Focus on Transaction Advisory ServicesEditor for This Issue: Steve Whittington Transaction Pricing and Structuring Insights
Transaction Structuring: Intangible Asset Due Diligence and Valuation
Robert F. Reilly, CPA
Valuation analysts are often called on to value intangible assets for various transaction pricing and structuring reasons. One important part of the transaction-related analysis is the intangible asset due diligence process. In this process, before performing any quantitative analysis, the analyst confirms the condition and the existence of the target company intangible assets. There is a generally accepted process that most analysts follow during the intangible asset due diligence process. This process is usually the first step in the transaction-related valuation analysis. This discussion summarizes the transaction-related intangible asset due diligence and valuation process.
You May Not Need a Business Valuation
Robert P. Schweihs
Business transactions have become increasingly more complex over time. Individuals responsible for making the decision whether to accept a complex business transaction will sometimes request that a business valuation be performed. Alternatively, the decision maker may seek the advice of a valuation analyst who will act as the independent financial adviser to that decision maker. The independent financial adviser may conduct an analysis that is consistent with generally accepted business valuation standards and practices. However, such an analysis will focus on the specific information needs of the decision maker.
Earn-Outs: In Search of the “Win-Win”
Darius Hartwell, Esq.
Earn-out provisions are commonly used in M&A transactions when the buyers and sellers cannot agree upon a specific purchase price before the date of closing. This discussion examines the typical components and characteristics of transactional earn-out provisions, the motivations of the buyers and sellers in transactions involving earn-outs, and some of the common areas of controversy that may arise in the use of earn-out provisions. Finally, this discussion looks at strategies that the transaction participants—and their professional advisers—can consider in structuring and administering earn-outs that can serve the goals of all parties and avoid disputes.
Intangible Assets in Purchase Price Allocations
There are numerous reasons why a company will conduct a valuation of its intangible assets. One such reason relates to valuing the intangible assets, and all other assets, that were transferred in the acquisition of the company. As is the case with any valuation, the valuation analyst should be familiar with the assignment purpose and with all compliance matters associated with the intangible asset valuation. This discussion provides an overview of (1) the purchase price allocation analysis procedures and (2) the procedures that analysts consider in the valuation of intangible assets as part of the acquisition accounting.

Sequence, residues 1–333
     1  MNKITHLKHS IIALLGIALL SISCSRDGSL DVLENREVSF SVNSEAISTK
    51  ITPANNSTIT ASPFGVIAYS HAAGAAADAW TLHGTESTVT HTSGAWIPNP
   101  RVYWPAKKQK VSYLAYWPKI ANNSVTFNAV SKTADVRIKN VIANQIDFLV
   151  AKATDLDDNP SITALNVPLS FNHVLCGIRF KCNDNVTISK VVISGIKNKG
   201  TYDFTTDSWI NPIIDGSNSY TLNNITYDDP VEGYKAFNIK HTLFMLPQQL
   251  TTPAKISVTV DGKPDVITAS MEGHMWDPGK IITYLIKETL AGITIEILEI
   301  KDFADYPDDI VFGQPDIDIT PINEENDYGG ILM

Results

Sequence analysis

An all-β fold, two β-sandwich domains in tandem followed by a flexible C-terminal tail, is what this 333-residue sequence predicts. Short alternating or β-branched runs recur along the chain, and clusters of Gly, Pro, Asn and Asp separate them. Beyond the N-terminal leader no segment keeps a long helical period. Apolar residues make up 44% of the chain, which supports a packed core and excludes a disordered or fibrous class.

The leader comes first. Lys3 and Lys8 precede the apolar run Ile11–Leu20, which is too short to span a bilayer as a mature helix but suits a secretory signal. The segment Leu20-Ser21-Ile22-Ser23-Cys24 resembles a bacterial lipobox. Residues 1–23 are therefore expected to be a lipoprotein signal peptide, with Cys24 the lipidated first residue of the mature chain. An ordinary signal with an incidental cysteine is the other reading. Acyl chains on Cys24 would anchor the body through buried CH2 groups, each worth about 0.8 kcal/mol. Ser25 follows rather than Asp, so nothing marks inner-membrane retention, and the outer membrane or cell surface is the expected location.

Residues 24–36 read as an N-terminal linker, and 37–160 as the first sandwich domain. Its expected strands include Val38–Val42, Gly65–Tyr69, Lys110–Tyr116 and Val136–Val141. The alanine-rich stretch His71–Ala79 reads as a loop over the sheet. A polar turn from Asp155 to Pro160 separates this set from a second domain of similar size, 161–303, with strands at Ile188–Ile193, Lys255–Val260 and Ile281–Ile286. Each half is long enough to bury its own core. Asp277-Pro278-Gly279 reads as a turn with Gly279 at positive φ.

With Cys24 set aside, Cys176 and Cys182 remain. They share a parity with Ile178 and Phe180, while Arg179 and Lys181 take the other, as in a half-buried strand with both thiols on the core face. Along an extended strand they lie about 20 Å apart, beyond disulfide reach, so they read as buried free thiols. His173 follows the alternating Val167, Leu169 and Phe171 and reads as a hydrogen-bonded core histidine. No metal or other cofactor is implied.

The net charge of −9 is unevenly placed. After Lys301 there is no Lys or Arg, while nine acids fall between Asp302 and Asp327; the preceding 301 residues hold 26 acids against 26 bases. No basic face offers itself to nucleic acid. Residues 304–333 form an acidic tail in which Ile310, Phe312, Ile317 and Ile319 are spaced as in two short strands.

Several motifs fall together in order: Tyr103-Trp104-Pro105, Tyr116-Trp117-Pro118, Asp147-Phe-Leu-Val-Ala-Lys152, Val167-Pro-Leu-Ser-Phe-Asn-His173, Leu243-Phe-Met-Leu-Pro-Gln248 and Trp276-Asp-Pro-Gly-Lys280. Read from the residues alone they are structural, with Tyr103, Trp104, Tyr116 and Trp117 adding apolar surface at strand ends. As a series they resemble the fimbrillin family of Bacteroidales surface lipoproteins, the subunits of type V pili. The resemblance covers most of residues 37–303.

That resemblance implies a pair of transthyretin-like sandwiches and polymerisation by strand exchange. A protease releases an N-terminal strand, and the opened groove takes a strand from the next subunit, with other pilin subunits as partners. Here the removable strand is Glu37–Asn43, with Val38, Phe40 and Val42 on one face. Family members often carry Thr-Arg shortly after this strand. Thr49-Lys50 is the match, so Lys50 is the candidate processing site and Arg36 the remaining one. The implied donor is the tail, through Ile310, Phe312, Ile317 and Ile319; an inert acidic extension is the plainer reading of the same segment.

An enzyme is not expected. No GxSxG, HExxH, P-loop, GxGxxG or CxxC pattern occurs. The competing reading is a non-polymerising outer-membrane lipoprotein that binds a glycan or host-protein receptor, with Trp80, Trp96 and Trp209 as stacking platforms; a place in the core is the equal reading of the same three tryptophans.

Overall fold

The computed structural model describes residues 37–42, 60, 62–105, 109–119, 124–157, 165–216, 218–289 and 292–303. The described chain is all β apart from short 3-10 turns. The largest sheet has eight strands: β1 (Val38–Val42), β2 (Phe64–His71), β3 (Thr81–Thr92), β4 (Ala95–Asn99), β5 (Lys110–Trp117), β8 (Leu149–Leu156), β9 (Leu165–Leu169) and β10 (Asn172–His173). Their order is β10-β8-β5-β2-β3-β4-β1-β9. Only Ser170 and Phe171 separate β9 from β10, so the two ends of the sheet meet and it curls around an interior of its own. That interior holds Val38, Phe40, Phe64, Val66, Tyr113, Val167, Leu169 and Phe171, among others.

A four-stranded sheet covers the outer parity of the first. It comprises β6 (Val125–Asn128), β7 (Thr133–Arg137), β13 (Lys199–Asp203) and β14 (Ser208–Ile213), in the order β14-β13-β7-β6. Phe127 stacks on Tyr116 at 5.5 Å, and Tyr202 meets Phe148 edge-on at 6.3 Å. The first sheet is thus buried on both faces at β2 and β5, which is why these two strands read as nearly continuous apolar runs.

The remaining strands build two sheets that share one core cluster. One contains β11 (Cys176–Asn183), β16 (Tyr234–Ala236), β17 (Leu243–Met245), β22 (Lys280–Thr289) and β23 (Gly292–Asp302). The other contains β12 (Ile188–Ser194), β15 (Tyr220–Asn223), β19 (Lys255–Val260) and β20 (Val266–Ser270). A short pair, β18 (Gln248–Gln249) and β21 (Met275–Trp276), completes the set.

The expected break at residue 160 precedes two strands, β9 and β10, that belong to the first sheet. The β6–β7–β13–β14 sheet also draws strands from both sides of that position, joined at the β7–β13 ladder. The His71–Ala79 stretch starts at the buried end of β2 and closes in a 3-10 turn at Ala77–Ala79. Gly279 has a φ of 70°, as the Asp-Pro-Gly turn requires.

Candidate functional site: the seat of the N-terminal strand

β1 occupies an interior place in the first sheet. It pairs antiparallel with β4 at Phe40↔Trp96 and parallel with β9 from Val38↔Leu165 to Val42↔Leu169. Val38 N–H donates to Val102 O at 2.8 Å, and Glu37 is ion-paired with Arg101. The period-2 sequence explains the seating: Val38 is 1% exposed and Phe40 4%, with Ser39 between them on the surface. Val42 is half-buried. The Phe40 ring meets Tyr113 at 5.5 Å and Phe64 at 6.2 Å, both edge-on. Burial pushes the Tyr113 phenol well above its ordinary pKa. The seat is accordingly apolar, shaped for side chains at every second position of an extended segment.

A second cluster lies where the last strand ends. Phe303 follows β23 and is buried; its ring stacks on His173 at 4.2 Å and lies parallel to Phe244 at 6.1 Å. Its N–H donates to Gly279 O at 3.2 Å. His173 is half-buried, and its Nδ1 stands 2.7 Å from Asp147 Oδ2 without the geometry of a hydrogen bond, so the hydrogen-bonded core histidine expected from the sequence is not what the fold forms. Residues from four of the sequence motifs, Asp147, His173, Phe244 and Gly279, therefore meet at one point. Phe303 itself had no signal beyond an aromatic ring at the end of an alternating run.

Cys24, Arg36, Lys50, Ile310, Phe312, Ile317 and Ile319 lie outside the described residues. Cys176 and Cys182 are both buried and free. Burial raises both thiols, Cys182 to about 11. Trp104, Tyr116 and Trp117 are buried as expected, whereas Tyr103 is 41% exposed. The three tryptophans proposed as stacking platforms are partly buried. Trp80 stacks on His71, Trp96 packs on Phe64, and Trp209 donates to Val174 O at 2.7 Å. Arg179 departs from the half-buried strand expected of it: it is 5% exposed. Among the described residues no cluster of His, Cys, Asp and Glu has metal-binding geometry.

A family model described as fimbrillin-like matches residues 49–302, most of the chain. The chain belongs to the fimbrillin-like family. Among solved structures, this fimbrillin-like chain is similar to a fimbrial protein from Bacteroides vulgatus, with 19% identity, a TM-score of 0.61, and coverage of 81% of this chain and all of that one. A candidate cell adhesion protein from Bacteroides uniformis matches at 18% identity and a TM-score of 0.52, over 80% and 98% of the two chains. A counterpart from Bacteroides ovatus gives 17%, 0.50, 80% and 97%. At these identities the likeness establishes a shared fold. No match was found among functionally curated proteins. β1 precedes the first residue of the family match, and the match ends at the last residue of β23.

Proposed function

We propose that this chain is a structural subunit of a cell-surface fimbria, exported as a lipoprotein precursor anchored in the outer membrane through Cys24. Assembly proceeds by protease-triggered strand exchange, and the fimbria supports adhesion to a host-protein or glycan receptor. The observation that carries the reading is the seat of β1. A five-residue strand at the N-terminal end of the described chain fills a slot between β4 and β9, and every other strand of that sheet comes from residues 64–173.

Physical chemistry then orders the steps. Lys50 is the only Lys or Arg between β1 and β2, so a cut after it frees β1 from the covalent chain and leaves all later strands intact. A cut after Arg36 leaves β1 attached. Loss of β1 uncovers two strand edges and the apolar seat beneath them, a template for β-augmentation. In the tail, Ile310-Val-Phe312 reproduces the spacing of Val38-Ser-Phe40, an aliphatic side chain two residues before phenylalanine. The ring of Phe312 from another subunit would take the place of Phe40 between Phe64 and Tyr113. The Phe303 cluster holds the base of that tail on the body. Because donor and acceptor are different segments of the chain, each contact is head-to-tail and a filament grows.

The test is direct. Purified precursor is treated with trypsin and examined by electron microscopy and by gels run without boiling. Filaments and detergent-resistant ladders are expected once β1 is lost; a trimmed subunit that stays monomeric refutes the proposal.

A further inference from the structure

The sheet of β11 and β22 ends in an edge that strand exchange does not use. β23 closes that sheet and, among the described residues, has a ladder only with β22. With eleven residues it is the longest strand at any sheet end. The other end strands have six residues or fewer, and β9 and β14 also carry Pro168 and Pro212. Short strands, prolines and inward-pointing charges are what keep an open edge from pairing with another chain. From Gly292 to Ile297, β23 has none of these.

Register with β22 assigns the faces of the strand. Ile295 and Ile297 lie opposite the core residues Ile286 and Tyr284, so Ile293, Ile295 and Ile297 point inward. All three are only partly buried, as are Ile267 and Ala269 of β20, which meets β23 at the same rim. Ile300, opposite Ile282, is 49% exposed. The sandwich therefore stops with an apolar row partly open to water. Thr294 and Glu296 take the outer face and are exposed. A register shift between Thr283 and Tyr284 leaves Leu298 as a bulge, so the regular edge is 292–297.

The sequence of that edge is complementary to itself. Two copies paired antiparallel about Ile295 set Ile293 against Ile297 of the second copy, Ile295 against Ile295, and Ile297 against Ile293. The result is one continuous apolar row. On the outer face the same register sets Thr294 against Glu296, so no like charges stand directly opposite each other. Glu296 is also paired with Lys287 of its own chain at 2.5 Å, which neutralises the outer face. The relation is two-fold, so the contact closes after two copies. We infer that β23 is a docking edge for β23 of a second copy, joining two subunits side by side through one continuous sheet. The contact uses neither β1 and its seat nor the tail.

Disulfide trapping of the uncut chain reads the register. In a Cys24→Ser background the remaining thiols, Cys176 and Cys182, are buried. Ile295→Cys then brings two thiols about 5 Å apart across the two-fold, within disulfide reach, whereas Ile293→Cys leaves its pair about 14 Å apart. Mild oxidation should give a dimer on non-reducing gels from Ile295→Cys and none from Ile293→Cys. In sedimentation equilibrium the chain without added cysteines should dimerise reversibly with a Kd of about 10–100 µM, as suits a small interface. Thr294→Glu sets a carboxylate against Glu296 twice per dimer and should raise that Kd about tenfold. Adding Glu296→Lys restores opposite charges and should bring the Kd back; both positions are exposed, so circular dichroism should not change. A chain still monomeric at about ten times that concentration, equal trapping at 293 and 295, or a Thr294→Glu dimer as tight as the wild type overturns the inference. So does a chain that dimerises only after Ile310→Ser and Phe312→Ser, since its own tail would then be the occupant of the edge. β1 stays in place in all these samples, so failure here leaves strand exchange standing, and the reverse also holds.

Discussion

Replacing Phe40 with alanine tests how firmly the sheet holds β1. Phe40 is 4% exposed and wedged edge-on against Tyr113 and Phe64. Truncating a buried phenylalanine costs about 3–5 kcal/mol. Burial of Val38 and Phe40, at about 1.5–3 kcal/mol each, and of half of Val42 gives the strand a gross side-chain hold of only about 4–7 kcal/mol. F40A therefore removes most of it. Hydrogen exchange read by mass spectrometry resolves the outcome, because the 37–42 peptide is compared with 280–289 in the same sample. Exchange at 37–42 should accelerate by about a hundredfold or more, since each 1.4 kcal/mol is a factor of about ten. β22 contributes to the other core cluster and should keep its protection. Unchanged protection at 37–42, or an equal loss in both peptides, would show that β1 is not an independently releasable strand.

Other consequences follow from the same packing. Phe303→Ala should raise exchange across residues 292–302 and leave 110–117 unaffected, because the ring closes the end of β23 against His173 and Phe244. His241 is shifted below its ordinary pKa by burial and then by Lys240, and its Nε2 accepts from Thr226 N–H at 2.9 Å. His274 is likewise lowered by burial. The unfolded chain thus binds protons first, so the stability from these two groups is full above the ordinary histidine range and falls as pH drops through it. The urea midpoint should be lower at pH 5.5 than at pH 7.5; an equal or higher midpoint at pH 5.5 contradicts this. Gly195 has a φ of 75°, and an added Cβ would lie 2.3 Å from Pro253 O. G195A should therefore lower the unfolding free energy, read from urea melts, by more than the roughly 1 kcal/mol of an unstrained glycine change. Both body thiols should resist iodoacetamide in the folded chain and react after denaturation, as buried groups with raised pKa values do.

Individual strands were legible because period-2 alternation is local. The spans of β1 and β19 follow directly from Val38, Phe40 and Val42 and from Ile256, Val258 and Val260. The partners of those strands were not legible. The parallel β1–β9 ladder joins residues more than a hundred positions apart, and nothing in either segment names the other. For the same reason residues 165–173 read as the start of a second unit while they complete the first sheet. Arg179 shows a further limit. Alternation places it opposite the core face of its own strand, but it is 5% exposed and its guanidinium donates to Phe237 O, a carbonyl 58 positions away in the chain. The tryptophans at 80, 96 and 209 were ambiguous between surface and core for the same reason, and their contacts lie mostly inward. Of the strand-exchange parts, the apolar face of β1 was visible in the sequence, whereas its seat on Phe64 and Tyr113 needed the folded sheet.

Discount Rates in a Purchase Price Allocation
This discussion summarizes the interrelatedness of the weighted average cost of capital and the weighted average return on assets within the context of a purchase price allocation for financial reporting purposes. Failure to understand this fundamental relationship can lead to inaccurate estimates of value for the acquired assets and, therefore, inaccurate reported asset values and amortization expense on the financial statements of the acquirer. The WACC can be viewed as a weighted average of the required rates of return for the individual assets of the acquired company. The selected intangible asset rates of return should be reviewed for reasonableness through a weighted average return on assets analysis. Understanding the nature and risk of the expected cash flow (of the enterprise and specific assets) is important to ensuring consistency throughout the analysis.
Development and Application of Company Management-Prepared Projections in a Dissenting Shareholder Appraisal Action Context
The proper usage of company management-prepared projections when applying the income approach—discounted cash flow method—is an ongoing issue for any valuation analyst, especially as it relates to shareholder appraisal rights actions. The Delaware Chancery Court regularly provides guidance as to the proper usage of management projections when applying the discounted cash flow method within a dissenting shareholder appraisal rights action. This discussion highlights several historical and recent Delaware Chancery Court decisions, and it provides insights into the valuation analyst’s role in properly utilizing management projections when applying the income approach—discounted cash flow method—within a dissenting shareholder appraisal rights action.